By the way Grant, I have had a look at theology online. I am not certain how much time I wish to give to a forum, and I don’t really want to join up to one. I saw their response to my article including the hash job by The Barbarian. I would like to say he didn’t get it, which he didn’t, but in fact the greater issue was he spend more time stating errors of historical fact.
    Yeah no worries, mate. Barbarian tends to rabbit on about most issues with little in the way of grace or understanding. One tends to get him easily confused with an atheist. :)

  12. Ken
    2009 September 1 at 00:00

    bethyada – you got the change of entropy in a closed system the wrong way around. However, you acknowledge the difference for an open system. Entropy can decrease for part of a system. Now you express this as energy flowing in or out of that open system.
    Bit like an evolving species, really. It happens in an open system. In particular random changes are selected by interaction with the environment. That is the source of information (Don’t have to postulate, demons, fairies or gods).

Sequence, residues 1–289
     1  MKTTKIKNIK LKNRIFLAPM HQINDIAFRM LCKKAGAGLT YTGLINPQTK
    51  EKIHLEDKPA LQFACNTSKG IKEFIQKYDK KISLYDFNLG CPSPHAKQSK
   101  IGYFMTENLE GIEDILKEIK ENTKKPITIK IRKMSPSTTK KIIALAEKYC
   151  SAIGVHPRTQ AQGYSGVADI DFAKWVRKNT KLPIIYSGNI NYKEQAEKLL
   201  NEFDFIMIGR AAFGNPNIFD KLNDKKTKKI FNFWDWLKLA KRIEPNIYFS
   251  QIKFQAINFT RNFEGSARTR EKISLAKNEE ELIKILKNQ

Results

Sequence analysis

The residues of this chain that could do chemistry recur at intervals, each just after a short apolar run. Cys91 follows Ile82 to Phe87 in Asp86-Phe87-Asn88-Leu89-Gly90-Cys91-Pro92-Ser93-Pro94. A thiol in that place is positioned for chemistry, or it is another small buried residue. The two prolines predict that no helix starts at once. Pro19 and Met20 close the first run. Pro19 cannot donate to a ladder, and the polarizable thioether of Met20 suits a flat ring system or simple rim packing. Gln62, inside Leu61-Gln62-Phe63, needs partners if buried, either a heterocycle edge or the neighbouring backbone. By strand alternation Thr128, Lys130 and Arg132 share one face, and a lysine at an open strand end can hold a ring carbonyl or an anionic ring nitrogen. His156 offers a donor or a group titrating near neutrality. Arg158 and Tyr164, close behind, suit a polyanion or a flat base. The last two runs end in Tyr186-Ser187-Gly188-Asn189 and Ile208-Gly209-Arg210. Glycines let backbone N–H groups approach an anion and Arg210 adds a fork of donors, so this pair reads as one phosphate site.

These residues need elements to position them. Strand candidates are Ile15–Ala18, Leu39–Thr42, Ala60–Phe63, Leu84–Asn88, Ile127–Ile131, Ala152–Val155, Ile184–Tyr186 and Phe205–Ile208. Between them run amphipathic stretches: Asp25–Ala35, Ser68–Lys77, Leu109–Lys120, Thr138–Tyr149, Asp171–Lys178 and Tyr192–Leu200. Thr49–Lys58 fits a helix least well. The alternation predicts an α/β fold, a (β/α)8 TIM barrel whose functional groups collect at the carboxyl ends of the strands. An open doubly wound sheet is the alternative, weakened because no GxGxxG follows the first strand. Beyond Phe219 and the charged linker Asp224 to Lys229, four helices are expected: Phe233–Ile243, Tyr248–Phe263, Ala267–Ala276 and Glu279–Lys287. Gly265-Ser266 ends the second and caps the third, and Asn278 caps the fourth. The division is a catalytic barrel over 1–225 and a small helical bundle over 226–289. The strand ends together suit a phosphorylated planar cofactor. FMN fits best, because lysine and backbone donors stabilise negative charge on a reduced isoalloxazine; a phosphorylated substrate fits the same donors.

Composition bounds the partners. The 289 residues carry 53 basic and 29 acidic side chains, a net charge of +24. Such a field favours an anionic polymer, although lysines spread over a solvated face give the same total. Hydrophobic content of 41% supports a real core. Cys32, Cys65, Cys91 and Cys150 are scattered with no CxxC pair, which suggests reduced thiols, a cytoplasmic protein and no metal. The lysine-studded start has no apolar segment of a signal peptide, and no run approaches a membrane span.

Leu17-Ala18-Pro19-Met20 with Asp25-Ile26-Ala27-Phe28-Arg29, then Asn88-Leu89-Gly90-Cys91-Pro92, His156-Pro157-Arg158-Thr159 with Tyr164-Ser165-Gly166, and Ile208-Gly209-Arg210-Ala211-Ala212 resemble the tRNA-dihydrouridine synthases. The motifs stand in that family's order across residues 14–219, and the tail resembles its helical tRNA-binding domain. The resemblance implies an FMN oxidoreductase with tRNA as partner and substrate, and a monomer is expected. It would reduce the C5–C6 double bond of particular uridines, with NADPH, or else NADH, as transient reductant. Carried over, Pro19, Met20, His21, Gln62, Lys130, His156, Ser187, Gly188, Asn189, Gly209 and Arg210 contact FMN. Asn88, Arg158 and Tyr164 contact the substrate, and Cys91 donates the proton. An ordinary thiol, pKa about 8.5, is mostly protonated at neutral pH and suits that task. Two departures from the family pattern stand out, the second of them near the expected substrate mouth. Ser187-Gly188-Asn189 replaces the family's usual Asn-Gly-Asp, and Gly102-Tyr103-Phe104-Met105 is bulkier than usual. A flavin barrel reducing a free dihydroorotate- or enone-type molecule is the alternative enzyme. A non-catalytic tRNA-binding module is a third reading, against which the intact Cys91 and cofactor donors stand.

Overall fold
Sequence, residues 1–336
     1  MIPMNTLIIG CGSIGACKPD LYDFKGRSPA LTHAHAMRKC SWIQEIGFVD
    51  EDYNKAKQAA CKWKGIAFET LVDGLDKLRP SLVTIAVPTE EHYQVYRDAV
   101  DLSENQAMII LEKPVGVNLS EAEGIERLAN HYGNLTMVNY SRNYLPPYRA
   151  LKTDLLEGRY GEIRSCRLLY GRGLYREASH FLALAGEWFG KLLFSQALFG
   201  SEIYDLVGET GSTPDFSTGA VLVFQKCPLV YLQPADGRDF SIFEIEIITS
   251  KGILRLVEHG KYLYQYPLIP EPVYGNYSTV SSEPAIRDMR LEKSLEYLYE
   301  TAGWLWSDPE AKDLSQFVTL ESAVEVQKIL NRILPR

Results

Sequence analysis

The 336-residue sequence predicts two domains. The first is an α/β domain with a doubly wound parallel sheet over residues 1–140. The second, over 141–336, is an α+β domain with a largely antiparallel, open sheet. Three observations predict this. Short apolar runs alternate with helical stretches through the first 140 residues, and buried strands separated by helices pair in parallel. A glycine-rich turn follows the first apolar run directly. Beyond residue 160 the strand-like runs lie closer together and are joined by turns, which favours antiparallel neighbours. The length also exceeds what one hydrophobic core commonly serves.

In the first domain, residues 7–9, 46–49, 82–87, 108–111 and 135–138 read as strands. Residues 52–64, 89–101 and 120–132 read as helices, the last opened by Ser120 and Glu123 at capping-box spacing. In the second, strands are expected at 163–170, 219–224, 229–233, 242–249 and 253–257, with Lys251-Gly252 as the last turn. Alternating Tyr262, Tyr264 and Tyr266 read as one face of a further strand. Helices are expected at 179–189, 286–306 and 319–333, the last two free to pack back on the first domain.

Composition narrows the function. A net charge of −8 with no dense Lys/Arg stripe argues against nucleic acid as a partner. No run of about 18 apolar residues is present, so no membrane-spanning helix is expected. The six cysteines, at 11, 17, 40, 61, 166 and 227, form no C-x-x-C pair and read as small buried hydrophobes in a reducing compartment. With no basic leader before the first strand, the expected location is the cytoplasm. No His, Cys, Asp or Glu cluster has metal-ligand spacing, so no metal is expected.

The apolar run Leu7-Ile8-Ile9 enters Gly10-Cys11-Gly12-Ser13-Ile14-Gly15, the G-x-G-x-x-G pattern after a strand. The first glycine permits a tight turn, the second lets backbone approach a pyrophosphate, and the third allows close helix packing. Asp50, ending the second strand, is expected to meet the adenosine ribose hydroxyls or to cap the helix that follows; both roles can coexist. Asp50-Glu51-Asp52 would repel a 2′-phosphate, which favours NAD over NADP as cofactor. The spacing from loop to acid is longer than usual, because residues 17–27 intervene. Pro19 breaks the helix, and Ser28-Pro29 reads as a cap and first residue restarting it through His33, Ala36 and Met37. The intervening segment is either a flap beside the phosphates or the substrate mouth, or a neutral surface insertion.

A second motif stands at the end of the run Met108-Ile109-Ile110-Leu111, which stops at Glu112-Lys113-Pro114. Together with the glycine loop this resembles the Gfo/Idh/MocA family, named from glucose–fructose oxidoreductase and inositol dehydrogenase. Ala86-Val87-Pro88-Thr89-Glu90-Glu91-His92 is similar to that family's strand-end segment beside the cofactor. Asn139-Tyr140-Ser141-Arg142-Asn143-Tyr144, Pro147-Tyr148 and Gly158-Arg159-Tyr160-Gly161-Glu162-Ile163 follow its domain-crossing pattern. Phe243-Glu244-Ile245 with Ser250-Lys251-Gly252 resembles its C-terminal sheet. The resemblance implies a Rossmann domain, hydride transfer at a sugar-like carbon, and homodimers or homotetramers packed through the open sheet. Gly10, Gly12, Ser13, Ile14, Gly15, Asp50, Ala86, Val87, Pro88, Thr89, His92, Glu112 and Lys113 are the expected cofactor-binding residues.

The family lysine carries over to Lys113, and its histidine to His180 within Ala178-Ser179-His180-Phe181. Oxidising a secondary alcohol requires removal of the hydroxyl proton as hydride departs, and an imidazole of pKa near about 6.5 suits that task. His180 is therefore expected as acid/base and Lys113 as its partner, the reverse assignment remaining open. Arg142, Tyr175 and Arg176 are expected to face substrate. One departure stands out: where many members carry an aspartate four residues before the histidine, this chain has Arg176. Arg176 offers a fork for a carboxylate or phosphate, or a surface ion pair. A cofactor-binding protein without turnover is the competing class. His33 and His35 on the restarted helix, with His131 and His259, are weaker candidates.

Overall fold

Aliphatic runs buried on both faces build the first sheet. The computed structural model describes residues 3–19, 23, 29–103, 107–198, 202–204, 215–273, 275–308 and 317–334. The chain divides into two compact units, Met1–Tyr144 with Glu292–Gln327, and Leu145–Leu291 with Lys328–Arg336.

In a real manner our genes are a record of our past – because organisms have adapted to past environments.

  13. 2009 September 1 at 06:31

    Corrected:
    However if we use your analogy we see that information comes from information. In a closed system entropy must increase, but it can decrease locally in an open system because energy is provided externally; so long we have an energy converter such as a photosynthesising leaf or a refrigerator.

  14. 2009 September 1 at 10:11

    Please provide a precise definition of information.
    Information = Meaning.

  15. 2009 September 1 at 10:23

    Bit like an evolving species, really. It happens in an open system. In particular random changes are selected by interaction with the environment. That is the source of information
    So where does the external information come from?
    I don’t happen to think there is a lot of external information being incorporated into DNA. There are examples like plasmids and DNA repair mechanisms.